On the demonstrations in Karbala, Ayatollah al-Hakim said: "In these marches the Iraqi people want to say they are able to manage their affairs themselves." Asked if U.S. troops should immediately leave Iraq, he said: "The Iraqi people must start to establish their national government and take responsibility to manage their affairs. There is no necessity for any foreign domination in Iraq. The Americans say they will remain in Iraq only for a very limited period, but I don't know how long that will last." Ayatollah al-Hakim is expected to leave Iran soon, after more than 20 years in exile.

At the Karbala press conference, the presence of Abdul-Aziz al-Hakim was a sign of the Hawza's choice of its political spokesman. And he said that the Hawza "has performed a role in the current ceremonies ranking above any political or civilian administration. [This] shows that the Iraqi people are capable of running their own affairs." Al-Hakim said that a meeting of all the Iraqi groups that opposed Saddam Hussein's rule would be convened in Baghdad soon, to establish a democratic and united government. He emphasized that "the whole world regards the presence of U.S. and British troops in the country as an occupation," but that it would be resisted peacefully.

The first meeting of opposition groups inside Iraq was organized by the U.S. military command in April 16, under the chairmanship of American "administrator of Iraq," Gen. Jay Garner (ret.). That meeting was boycotted by SCIRI and other major Shi'ite groups. They will attend the next one, now that the have made a tremendous demonstration of political power in Karbala.

LaRouche's Work Invoked

The U.S. occupation army is not making things easier, as some believe it is trying to provoke peaceful demonstrators. In April 22, the U.S. Army in Baghdad was forced to release a religious leader arrested the day before, when thousands of angry protesters issued an ultimatum to the U.S. commanders at the Palestine Hotel. The protesters demanded the immediate release of Sheikh Muhammad al-Fartusi, representative in Baghdad of the powerful Hawza of Najaf. Sheikh Hussein al-Assadi, a member of the Hawza council, who described himself as a student of Sheikh Fartusi, warned during the protest that U.S. forces in Iraq should be aware of Muslim sensitivities, "otherwise there will be an explosion."

Only one day later, U.S. forces in Baghdad arrested Stam al-Gu'oud, chairman of the United Federation of Iraqi Intellectuals. The reason given was his alleged possession of arms. This pretext was ridiculed in a country where almost everyone has a gun. Al-Gu'oud is an outspoken critic of the U.S.-British occupation, and a political leader who is not part of the "imported" opposition. He appeared in an interview with Abu Dhabi Television on April 21, describing what is happening in Iraq in the context of the neo-conservatives' now well-known "Clean Break" strategy. This is probably a more credible reason for his arrest. His group is opposed to the division of Iraq along ethnic and sectarian lines.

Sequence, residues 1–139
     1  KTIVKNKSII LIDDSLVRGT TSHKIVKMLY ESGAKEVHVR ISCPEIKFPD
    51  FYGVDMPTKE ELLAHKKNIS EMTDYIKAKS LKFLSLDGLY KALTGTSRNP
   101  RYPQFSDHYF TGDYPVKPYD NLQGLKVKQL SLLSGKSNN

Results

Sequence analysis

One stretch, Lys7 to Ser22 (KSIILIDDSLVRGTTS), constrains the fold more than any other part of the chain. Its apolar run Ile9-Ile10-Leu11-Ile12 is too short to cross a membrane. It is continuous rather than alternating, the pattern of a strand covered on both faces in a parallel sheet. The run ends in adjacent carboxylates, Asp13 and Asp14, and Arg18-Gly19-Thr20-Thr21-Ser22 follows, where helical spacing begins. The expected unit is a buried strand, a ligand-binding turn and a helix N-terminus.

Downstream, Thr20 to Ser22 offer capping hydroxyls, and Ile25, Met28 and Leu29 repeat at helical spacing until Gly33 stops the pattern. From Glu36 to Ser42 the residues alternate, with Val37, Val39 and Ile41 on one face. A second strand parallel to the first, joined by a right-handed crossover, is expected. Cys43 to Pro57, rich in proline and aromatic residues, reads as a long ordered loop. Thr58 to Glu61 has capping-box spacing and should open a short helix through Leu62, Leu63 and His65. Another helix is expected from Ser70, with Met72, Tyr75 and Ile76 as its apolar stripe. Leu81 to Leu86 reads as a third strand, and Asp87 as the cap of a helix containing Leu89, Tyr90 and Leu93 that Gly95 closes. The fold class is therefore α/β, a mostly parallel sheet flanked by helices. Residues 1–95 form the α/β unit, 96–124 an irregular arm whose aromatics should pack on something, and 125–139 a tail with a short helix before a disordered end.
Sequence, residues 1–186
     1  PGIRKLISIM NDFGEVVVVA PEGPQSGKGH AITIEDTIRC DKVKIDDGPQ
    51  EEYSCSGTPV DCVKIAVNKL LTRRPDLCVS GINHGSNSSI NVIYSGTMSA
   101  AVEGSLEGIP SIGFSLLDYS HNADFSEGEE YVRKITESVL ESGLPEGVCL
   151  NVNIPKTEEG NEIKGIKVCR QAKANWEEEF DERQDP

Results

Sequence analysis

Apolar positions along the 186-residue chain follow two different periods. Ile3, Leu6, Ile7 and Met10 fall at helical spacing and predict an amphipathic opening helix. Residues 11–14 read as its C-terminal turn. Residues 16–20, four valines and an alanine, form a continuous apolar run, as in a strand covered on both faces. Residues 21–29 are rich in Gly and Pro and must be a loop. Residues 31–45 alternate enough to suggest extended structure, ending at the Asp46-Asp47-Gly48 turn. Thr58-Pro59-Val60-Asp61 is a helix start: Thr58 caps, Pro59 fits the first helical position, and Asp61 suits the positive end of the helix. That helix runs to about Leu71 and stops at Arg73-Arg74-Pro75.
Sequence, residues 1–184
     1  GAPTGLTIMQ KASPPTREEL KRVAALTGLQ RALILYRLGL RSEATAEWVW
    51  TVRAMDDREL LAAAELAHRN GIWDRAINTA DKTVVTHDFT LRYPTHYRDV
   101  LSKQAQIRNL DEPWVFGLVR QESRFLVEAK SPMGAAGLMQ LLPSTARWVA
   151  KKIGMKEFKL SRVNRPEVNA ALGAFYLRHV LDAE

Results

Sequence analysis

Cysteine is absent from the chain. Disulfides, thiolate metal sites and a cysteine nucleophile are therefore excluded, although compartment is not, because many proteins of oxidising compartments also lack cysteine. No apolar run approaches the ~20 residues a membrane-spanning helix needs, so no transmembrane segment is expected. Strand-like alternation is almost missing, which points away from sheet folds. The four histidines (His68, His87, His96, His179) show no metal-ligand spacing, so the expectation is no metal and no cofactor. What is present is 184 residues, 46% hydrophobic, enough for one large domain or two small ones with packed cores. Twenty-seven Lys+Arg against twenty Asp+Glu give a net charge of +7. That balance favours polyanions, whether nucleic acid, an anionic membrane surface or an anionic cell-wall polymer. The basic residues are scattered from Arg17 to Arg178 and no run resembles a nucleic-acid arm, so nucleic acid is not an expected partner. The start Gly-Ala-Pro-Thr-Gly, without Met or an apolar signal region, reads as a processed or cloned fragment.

There are dangerous attempts to put emphasis only on the Shi'ite factor in Iraq. In Iraq's modern history, there has been no known sectarian strife. Shi'ites and Sunnis, Iraq's second largest Islamic denomination, have united in the face of foreign threats, as in the 1919-20 revolt against British occupation. Saddam Hussein's regime tried to survive politically by playing on differences between the sects and tribes of Iraq. The United States and Britain may try that too, but it is never the natural state of Iraqi society.

To prove that point, on April 17, Iraqi Sunnis organized massive Friday Prayer events, followed by demonstrations in Baghdad. The major event in Baghdad was the Friday Prayer sermon given by Sheikh Ahmed al-Kubaisi in Imam Abu Hanifa Mosque. Al-Kubaisi, one of the most revered Islamic scholars in the Arab world, did not call for an Islamic state, as English-language media reported. He called for establishing a "Committee of Wise Men," which would monitor the activities of whatever civil administration were established; and for civil disobedience, on the model of Mahatma Gandhi, whenever that administration acts against Iraqis' welfare.

Al-Kubaisi, while denouncing the illegal war and occupation, invoked the "True America." "What we see today is not the great America, which we have known all the time. The America which we knew was the America of freedom and scientific progress, not the one we see today." He described in fascinating detail how President Eisenhower put an end to the British-Israeli-French attack on Egypt in the Suez War in 1956, as an example of great American leadership. Al-Kubaisi had referred to the ideas and work of American Presidential pre-candidate Lyndon LaRouche, in an address at the Zayed University in Abu Dhabi in November 2002.

On the other side of the river, Shi'ites were attending Friday Prayer in al-Kadhimiya, at the Shrine of Imams Jaafar Assadiq and Mousa al-Kadhim. They, too, went out to demonstrate against the occupation. They crossed the bridge and joined their Sunni compatriots in a display of national, non-sectarian unity. The slogan was "No Shi'ite, no Sunni will sell out this country."

The danger of sectarian division and strife in Iraq depends on the intentions and acts of the U.S. and British occupation and politicians in Washington. The continued deterioration of the Iraqi people's living standards and the political instability in the country, would create conditions for such a disastrous development. The intention of the "war party" in Washington, to "move to the next target," leaving Iraq a mess, is what could make such a development likely in the short term.